As I conceived the book, I felt it was important to only go by what Trump said. The book is obviously critical of him, but within that context, yes, he’s the only one who actually gets to speak. I conceived of the book right before the election. I had seen a series of mini-comics published by someone I don’t know, a series called “Tea Party Comix” consisting of old comics in which Obama had been inserted as the villain. I came upon them through Ethan Persoff’s site, where he posts a lot of obscure comics. My approach is quite different from those. I really wanted the whole world depicted in these covers to be infected by Trump. Even the titles of the books that he’s in have been tailored to fit his perspective. Sometimes the titles are more neutral, like “Subjective Comics,” based on Detective Comics, but on other ones, like the Wonder Woman cover in which she’s not Wonder Woman, but “Nasty Woman,” Trump’s language becomes part of the world that the characters inhabit. These characters do have a voice — they have personalities, and they have humanity — but as far as this book is concerned, everything is shaped by Trump’s perspective, and he drowns out everyone else.

The cover that is most striking for me, and which is most suffused with Trump’s perspective, is Pap Comics, featuring “Archy,” which is based on an issue of Pep Comics from 1952. If you look at the original cover, Archie is as happy as can be. His face is covered in lipstick from Veronica’s kisses. In your version, he is truly miserable. Even in the book’s marketing icon, in the upper right, poor “Archy” is suddenly suffering, wondering how all this has happened. The world has been invaded, much to the chagrin of the characters we know and with whom we identify. This is Pop’s soda shop, and Trump, as Pop, is running the show. Elsewhere, of course, you have him appear as Solomon Grundy or the Red Skull.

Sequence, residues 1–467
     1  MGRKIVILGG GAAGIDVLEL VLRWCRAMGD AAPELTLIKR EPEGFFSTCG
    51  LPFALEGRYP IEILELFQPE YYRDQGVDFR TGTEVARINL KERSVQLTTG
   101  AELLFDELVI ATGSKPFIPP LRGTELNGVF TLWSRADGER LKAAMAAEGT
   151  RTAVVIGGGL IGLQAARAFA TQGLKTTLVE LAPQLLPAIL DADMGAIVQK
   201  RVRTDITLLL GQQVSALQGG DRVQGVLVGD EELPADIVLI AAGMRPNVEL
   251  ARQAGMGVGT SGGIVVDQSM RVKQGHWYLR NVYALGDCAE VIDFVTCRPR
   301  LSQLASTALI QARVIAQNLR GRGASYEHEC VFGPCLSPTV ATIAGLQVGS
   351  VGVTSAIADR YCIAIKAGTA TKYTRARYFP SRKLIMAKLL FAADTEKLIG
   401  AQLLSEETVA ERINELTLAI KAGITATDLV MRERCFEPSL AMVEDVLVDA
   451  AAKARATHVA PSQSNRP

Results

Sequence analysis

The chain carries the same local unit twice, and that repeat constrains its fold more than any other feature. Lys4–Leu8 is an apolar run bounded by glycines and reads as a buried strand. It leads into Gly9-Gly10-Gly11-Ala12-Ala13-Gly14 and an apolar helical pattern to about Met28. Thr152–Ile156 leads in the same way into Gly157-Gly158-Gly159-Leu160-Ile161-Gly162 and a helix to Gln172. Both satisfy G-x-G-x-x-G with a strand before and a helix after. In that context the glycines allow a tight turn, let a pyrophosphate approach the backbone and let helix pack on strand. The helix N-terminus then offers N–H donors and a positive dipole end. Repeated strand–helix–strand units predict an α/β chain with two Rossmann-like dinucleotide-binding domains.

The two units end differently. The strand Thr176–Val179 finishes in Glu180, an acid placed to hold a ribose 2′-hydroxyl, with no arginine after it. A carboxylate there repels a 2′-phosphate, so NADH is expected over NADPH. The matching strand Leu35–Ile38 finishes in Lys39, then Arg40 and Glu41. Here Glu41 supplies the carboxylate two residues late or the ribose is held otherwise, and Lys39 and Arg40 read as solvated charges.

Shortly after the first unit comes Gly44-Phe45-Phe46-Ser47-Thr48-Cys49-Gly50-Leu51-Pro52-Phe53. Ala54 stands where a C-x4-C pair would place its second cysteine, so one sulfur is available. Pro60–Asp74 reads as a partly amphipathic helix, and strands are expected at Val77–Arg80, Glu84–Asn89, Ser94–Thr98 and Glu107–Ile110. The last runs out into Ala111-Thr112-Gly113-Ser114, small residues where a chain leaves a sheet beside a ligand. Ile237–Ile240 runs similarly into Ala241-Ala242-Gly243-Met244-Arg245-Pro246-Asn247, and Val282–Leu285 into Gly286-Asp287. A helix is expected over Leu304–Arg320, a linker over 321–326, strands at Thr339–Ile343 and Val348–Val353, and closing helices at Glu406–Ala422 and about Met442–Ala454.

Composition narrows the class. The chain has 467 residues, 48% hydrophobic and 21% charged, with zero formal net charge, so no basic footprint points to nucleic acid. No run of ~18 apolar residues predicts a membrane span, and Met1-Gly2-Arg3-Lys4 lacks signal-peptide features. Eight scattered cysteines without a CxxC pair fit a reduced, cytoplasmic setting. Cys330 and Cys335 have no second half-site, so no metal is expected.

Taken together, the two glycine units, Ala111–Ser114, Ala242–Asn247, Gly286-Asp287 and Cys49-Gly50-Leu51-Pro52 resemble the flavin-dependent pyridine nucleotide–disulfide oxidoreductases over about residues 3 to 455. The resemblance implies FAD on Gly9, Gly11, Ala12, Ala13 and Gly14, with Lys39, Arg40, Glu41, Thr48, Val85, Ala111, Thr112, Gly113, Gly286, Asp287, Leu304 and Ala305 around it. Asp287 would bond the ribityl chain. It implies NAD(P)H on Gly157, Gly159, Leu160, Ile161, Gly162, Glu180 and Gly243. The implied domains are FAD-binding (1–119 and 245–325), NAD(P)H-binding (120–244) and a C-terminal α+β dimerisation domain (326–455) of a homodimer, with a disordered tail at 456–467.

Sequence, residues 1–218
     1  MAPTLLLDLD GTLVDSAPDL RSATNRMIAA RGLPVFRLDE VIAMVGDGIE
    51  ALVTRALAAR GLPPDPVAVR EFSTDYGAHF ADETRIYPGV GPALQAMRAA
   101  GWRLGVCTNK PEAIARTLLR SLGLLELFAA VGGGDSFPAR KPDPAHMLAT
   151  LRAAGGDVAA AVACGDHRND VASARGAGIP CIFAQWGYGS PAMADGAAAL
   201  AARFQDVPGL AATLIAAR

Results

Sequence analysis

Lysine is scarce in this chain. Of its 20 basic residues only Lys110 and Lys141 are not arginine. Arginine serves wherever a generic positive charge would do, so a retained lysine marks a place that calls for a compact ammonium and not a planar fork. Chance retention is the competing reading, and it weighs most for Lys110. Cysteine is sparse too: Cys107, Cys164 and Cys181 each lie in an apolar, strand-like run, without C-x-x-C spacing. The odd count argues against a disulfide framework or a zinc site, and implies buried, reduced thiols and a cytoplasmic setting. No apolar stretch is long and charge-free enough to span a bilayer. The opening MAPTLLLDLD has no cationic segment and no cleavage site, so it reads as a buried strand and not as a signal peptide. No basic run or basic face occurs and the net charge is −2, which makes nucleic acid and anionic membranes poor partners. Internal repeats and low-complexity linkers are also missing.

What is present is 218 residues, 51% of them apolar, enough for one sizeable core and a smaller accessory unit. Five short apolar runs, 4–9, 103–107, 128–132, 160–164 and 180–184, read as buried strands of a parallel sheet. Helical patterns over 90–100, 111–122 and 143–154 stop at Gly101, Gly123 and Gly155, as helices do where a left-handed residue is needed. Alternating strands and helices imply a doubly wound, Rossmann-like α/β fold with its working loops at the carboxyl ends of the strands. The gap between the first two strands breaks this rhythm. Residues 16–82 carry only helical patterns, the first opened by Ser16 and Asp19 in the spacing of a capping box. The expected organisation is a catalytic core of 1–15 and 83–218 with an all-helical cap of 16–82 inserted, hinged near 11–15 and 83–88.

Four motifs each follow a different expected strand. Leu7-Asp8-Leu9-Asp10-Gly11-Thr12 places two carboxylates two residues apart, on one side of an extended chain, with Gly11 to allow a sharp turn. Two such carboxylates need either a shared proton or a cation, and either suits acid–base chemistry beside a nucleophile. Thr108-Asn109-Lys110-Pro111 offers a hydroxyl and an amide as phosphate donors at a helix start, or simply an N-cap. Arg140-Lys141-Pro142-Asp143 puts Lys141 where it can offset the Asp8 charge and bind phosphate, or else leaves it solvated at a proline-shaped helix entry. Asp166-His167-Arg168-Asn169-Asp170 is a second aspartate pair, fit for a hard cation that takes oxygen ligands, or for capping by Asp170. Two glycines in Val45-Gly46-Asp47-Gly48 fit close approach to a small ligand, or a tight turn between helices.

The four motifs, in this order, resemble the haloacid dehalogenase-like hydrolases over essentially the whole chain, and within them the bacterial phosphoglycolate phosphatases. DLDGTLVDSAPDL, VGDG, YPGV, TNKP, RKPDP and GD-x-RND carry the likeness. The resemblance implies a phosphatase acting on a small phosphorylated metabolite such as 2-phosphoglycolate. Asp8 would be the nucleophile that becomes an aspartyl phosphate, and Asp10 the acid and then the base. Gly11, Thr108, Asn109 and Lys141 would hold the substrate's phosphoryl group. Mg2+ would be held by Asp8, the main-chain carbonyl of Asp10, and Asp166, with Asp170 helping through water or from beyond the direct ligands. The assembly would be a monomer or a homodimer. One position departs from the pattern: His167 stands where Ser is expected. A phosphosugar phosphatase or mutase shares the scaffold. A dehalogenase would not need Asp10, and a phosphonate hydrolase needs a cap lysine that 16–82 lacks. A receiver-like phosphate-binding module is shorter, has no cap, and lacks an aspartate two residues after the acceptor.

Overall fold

I was always trying to find a dynamic where, if Trump wasn’t a villain, he was at least a counterpoint to the main character. He takes the place of Tubby in Little Lulu, for example. Tubby is hardly a super villain but sometimes he’s a pretty bratty kid, so there the equation sort of works.

Several of these covers read differently from the others, including two that I would describe as feminist fantasy inversions: the pairing of the Catwoman cover alongside the one George Perez did of Black Widow from a 1983 Marvel Fanfare. Those covers depict worlds in which the women are in the dominant positions. Black Widow is really carrying the day in the your version of the cover, so the book varies its perspective in that regard, even if Trump comes out on top most of the time.